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Friday, 10 October 2008

Nutrient timing - ISSN position

here's some research pre-published on pubmed today stating the updated ISSN positon on nutrient timing. They pretty much lay down what we've talked about during our discussions on nutrient intake during & after training. We haven't really discussed pre-training nutrition, which is important. I'll have to get around to that, but it's mentioned here & I pretty much support the idea of carb/protein ingestion before training (exactly when depends on your digestive capabilities, but 1-2 hours before would be my advice if possible)
Here you can read for yourself:

J Int Soc Sports Nutr. 2008 Oct 3;5(1):17.

International society of sports nutrition position stand: nutrient timing.

Kerksick C, Stout J, Campbell B, Wilborn C, Kreider R, Kalman D, Ziegenfuss T, Lopez H, Landis J, Ivy J, Antonio J.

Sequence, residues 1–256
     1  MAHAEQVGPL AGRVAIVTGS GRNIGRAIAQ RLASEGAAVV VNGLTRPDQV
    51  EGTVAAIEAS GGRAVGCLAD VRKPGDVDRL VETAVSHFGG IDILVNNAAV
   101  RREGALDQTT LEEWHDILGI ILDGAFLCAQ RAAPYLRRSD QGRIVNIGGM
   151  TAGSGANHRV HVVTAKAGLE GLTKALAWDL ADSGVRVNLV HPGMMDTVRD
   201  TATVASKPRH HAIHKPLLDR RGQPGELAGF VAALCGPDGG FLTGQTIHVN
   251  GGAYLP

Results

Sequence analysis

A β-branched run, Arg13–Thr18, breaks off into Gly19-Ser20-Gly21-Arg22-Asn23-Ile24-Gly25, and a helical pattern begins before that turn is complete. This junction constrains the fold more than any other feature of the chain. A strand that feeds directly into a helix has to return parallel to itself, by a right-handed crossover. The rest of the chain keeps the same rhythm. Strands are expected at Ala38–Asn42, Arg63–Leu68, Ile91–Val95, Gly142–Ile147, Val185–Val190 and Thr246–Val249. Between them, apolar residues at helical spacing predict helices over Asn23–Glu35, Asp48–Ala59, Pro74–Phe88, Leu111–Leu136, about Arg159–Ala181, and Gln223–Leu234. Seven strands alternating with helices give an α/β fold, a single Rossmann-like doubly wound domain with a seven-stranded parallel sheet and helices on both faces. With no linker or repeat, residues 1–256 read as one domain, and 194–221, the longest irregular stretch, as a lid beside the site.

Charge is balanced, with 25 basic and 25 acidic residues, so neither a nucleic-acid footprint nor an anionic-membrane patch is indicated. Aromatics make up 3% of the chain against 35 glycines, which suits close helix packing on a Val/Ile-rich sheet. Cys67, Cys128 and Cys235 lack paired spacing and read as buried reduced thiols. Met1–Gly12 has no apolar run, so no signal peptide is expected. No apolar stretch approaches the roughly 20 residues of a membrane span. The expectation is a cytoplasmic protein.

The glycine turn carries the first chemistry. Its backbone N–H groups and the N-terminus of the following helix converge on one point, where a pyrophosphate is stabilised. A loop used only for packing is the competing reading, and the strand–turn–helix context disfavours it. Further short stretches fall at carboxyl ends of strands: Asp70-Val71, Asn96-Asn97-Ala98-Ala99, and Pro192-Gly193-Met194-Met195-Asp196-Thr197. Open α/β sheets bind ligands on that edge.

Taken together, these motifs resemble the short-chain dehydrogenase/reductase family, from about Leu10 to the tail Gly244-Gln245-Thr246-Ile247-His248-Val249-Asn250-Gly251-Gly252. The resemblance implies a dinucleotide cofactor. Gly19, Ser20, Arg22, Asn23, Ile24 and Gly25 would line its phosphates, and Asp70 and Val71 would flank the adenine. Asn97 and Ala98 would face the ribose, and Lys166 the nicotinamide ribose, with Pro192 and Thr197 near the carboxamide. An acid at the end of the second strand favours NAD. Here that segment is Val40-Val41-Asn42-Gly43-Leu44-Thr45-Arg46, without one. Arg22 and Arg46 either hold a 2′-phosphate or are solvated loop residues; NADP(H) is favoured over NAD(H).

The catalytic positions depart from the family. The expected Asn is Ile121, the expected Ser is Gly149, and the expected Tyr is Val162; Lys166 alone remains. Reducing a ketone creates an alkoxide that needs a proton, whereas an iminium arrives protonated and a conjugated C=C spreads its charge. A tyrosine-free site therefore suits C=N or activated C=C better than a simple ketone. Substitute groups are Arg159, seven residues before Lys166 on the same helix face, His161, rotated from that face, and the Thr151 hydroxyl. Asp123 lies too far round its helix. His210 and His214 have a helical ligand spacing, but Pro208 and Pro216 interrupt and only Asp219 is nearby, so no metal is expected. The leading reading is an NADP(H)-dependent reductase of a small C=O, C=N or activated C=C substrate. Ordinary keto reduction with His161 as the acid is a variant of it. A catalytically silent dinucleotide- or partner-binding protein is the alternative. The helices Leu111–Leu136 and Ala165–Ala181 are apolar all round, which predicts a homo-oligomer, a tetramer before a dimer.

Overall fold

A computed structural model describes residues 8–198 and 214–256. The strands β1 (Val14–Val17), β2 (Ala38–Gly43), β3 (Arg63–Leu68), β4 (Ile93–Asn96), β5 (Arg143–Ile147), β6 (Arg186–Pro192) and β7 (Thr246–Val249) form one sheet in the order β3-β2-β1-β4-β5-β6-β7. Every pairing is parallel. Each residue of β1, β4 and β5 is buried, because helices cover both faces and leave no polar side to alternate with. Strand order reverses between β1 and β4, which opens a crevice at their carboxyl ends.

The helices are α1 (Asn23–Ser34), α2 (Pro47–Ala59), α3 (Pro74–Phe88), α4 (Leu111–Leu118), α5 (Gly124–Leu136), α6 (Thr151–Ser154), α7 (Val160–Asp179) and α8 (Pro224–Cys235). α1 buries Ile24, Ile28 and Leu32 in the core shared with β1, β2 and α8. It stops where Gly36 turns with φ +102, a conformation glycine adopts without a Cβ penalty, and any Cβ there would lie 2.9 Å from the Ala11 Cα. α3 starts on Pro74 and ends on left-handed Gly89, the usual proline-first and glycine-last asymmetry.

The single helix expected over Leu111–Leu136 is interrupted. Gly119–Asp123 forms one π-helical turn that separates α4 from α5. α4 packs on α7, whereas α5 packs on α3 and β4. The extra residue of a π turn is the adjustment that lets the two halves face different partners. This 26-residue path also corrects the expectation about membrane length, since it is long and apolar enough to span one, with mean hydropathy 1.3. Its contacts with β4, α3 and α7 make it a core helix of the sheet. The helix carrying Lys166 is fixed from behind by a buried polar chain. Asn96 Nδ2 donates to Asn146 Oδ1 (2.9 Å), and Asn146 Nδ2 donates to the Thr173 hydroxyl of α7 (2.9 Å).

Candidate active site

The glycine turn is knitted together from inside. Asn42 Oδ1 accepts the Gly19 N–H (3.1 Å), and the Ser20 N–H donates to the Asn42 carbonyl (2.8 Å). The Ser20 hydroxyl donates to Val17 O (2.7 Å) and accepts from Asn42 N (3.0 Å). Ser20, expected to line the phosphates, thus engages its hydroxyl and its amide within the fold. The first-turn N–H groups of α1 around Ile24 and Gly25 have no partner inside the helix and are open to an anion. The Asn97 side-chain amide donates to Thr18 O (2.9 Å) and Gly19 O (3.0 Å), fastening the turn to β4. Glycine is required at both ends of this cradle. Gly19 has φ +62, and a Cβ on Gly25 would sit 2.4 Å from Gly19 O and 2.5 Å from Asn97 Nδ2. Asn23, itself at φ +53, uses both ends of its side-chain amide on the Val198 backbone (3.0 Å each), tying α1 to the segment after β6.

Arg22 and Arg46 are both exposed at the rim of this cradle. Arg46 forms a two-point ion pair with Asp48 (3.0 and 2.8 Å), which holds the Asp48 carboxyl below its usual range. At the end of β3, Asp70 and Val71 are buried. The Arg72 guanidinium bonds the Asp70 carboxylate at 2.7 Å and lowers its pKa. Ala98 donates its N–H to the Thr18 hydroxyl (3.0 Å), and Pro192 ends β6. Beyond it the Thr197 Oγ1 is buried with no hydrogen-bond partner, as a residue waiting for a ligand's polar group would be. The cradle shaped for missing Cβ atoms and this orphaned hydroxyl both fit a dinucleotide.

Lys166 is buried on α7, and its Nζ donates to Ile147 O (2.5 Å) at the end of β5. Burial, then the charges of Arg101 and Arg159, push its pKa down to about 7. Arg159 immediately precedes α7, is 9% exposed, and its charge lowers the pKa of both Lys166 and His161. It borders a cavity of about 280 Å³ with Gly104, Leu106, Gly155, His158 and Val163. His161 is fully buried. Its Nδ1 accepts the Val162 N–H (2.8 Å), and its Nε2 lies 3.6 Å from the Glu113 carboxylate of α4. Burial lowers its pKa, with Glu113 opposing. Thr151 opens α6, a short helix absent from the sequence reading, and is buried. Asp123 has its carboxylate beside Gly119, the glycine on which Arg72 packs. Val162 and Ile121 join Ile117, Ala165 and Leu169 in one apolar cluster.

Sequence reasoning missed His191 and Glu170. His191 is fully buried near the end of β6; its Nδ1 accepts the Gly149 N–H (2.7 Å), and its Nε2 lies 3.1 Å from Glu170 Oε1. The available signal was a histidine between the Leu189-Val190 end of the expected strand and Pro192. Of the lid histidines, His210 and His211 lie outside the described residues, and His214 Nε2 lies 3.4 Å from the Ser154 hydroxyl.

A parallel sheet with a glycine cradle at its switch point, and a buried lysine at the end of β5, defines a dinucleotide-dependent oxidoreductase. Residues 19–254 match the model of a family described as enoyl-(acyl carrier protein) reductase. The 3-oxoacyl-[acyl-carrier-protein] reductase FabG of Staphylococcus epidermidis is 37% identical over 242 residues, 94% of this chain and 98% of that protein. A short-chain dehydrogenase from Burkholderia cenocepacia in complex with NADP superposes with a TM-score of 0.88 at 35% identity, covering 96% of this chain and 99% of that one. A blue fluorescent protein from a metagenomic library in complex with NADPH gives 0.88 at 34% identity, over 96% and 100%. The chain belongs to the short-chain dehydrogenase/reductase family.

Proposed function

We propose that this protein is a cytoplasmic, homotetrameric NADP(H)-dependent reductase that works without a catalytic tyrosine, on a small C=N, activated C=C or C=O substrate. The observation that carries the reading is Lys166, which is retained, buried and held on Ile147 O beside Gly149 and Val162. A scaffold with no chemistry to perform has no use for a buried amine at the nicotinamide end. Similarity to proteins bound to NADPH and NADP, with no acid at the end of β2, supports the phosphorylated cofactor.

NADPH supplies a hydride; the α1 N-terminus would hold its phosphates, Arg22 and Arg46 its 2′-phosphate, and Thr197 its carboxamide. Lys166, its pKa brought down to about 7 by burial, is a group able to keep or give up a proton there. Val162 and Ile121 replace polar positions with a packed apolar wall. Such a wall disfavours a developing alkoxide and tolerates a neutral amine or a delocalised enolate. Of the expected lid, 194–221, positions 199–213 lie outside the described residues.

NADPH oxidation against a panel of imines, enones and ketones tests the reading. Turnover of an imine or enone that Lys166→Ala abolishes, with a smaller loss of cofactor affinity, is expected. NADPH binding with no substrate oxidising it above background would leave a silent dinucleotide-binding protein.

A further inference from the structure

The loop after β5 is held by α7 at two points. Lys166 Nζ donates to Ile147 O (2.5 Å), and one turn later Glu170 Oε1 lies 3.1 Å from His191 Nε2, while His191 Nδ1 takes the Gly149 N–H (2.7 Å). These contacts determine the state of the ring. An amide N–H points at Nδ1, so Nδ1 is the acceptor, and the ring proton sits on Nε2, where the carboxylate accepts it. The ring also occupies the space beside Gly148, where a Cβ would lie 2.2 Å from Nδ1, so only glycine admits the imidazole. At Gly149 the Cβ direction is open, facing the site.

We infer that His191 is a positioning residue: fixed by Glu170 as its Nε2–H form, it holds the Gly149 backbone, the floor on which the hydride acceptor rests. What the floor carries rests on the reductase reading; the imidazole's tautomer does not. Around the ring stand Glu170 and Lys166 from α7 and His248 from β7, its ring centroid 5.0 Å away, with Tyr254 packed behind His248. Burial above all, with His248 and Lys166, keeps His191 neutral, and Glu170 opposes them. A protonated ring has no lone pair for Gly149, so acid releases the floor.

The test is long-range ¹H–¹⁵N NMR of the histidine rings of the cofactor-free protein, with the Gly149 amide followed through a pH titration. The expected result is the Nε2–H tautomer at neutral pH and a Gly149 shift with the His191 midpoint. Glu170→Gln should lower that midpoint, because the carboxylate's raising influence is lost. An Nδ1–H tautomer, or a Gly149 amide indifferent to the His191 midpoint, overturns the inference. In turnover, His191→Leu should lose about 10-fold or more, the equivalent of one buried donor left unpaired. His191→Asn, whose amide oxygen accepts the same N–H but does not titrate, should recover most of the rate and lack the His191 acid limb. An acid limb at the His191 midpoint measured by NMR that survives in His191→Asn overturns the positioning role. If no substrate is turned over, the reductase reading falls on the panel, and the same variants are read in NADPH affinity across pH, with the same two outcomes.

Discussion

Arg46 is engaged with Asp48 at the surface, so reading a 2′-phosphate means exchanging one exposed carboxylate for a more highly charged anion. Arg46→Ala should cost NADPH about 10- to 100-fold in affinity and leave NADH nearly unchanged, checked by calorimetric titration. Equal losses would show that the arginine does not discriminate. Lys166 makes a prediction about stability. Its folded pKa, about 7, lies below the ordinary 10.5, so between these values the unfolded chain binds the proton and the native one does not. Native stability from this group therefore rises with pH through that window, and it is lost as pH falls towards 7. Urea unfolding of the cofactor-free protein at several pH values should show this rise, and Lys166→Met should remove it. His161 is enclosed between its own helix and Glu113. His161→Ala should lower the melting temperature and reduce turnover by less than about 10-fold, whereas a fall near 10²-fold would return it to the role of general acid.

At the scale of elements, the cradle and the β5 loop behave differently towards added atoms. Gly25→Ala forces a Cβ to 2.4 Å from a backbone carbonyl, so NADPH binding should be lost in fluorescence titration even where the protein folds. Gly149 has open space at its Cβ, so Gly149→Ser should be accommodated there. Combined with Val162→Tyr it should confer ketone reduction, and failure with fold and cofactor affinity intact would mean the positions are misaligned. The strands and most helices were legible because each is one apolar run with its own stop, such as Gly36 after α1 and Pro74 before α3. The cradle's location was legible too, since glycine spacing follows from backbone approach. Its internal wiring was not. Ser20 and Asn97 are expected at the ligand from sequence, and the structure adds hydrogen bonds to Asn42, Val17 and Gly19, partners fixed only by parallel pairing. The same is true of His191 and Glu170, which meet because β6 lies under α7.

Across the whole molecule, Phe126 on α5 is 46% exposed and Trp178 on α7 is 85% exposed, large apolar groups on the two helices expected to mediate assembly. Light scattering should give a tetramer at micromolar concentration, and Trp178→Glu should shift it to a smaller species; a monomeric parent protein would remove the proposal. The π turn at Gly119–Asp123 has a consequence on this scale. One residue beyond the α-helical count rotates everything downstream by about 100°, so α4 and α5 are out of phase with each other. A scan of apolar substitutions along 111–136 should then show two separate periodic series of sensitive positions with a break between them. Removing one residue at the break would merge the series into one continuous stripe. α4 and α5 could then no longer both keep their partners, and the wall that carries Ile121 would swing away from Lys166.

ABSTRACT: Position Statement: The position of the Society regarding nutrient timing and the intake of carbohydrates, proteins, and fats in reference to healthy, exercising individuals is summarized by the following eight points: 1.) Maximal endogenous glycogen stores are best promoted by following a high-glycemic, high-carbohydrate (CHO) diet (600 - 1000 grams CHO or ~ 8 - 10 g CHO/kg/d), and ingestion of free amino acids and protein (PRO) alone or in combination with CHO before resistance exercise can maximally stimulate protein synthesis. 2.) During exercise, CHO should be consumed at a rate of 30 - 60 grams of CHO/hour in a 6 - 8 % CHO solution (8 - 16 fluid ounces) every 10 - 15 minutes. Adding PRO to create a CHO:PRO ratio of 3 - 4:1 may increase endurance performance and maximally promotes glycogen re-synthesis during acute and subsequent bouts of endurance exercise. 3.) Ingesting CHO alone or in combination with PRO during resistance exercise increases muscle glycogen, offsets muscle damage, and facilitates greater training adaptations after either acute or prolonged periods of supplementation with resistance training. 4.) Post-exercise (within 30 minutes) consumption of CHO at high dosages (8 - 10 g CHO/kg/day) have been shown to stimulate muscle glycogen re-synthesis, while adding PRO (0.2 g - 0.5 g PRO/kg/day) to CHO at a ratio of 3 - 4:1 (CHO: PRO) may further enhance glycogen re-synthesis. 5.) Post-exercise ingestion (immediately to 3 h post) of amino acids, primarily essential amino acids, has been shown to stimulate robust increases in muscle protein synthesis, while the addition of CHO may stimulate even greater levels of protein synthesis. Additionally, pre-exercise consumption of a CHO + PRO supplement may result in peak levels of protein synthesis. 6.) During consistent, prolonged resistance training, post-exercise consumption of varying doses of CHO + PRO supplements in varying dosages have been shown to stimulate improvements in strength and body composition when compared to control or placebo conditions. 7.) The addition of creatine (Cr) (0.1 g Cr/kg/day) to a CHO + PRO supplement may facilitate even greater adaptations to resistance training. 8.) Nutrient timing incorporates the use of methodical planning and eating of whole foods, nutrients extracted from food, and other sources. The timing of the energy intake and the ratio of certain ingested macronutrients are likely the attributes which allow for enhanced recovery and tissue repair following high-volume exercise, augmented muscle protein synthesis, and improved mood states when compared with unplanned or traditional strategies of nutrient intake.

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